All,  1.43; <15,  0.93; 15–24, 2.24; 25–44, 2.26; 45–64, 1.39; 65–74, 1.11; >75,  0.95. (more)

This also seems likely to be a demand effect – we spend more on female medicine mainly because we care more about women, or care more to show that we care about them.

Added 7p: That Marketplace show quotes similar numbers for dog and cat spending:

The average dog owner spends $655 a year on health care, that’s up 50 percent from a decade ago. Cat owners are in for $644, up nearly 75 percent.

So did we once to care more about dogs, and now care about the same?

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On Being Self-Aware

Diane Rehm yesterday, interviewing an expensive matchmaker:

REHM: And, Janis, you said that your clients are men. So you don’t take women who may have lots of money looking for a male?
SPINDEL: No, thank you.
REHM: Tell me why.
SPINDEL: Been there, done that.
REHM: Well, tell me why.
SPINDEL: To be honest with you, when I first started in business I had lots and lots and lots of fabulous women clients, really great women. And they seem to be needy and very high maintenance and you can never satisfy them.
REHM: Interesting.
SPINDEL: We would introduce them to amazing men. They’re not available, which is one of the biggest problems that I hear about women. See, I own the minds of men. I know what they want and I know what women do wrong. I could literally do this in my sleep. Men are very simple. You deliver exactly what they’re asking for and you leave the rest up to chemistry and the universe.

I have to admit this is somewhat at odds with my suggesting:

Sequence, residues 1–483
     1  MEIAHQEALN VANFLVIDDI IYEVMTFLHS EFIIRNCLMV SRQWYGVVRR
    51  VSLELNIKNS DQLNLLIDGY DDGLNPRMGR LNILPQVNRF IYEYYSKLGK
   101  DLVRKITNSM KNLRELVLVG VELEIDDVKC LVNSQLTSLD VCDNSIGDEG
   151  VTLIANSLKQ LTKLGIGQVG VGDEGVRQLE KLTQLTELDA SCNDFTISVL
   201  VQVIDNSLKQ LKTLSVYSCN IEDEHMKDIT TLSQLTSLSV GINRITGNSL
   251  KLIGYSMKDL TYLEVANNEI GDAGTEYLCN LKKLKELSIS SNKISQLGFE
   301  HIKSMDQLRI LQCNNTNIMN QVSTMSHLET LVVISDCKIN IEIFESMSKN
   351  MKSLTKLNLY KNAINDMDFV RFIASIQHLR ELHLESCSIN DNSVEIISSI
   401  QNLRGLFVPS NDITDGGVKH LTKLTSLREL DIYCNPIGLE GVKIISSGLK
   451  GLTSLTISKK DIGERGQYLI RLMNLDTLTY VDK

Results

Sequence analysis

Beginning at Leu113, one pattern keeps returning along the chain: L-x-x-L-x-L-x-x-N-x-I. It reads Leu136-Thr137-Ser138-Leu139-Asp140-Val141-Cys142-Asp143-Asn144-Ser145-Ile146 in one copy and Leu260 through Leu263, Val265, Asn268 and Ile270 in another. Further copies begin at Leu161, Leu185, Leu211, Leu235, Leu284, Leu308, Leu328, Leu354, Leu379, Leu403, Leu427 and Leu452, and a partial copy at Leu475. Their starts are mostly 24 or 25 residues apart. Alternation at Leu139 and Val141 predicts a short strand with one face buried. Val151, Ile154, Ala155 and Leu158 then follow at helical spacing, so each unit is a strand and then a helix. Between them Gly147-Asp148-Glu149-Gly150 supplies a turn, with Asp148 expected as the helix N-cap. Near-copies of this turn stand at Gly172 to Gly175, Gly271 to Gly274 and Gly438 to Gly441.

We should expect men to be more self-aware, transparent, and simple regarding their feelings about short-term sexual attractions. … In contrast, women should be more more self-aware, transparent, and simple regarding their feelings about long-term pair-bonding.

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Overconfidence Explained

We seem close to a good account of overconfidence:

We study a large sample of 656 undergraduate students, tracking the evolution of their beliefs about their own relative performance on an IQ test as they receive noisy feedback. … Subjects (1) place approximately full weight on their priors, but (2) are asymmetric, over-weighting positive feedback relative to negative, and (3) conservative, updating too little in response to both positive and negative signals. These biases are substantially less pronounced in a placebo experiment where ego is not at stake. We also find that (4) a substantial portion of subjects are averse to receiving information about their ability, and that (5) less confident subjects are more likely to be averse. We unify these phenomena by showing that they all arise naturally in a simple model of optimally biased Bayesian information processing … [of] agents who derive utility directly from their beliefs (for example, ego or anticipatory utility). (more; HT Dan Houser)

They also have results on how overconfidence relates to IQ and gender:

We show that agents who are of high ability according to our IQ quiz, and hence arguably cognitively more able, are just as conservative and asymmetric as those who score in the bottom half of the IQ quiz. … In our data women differ significantly in their priors, are significantly more conservative updaters than men while not significantly more asymmetric, and significantly more likely to be averse to feedback. These gender differences are consistent with our theoretical framework if a larger proportion of women than men value belief utility.

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La Difference

This research examined the relative sexual attractiveness of individuals showing emotion expressions of happiness, pride, and shame compared with a neutral control. Across two studies using different images and samples ranging broadly in age (total N = 1041), a large gender difference emerged in the sexual attractiveness of happy displays: happiness was the most attractive female emotion expression, and one of the least attractive in males. In contrast, pride showed the reverse pattern; it was the most attractive male expression, and one of the least attractive in women. Shame displays were relatively attractive in both genders, and, among younger adult women viewers, male shame was more attractive than male happiness, and not substantially less than male pride. (more)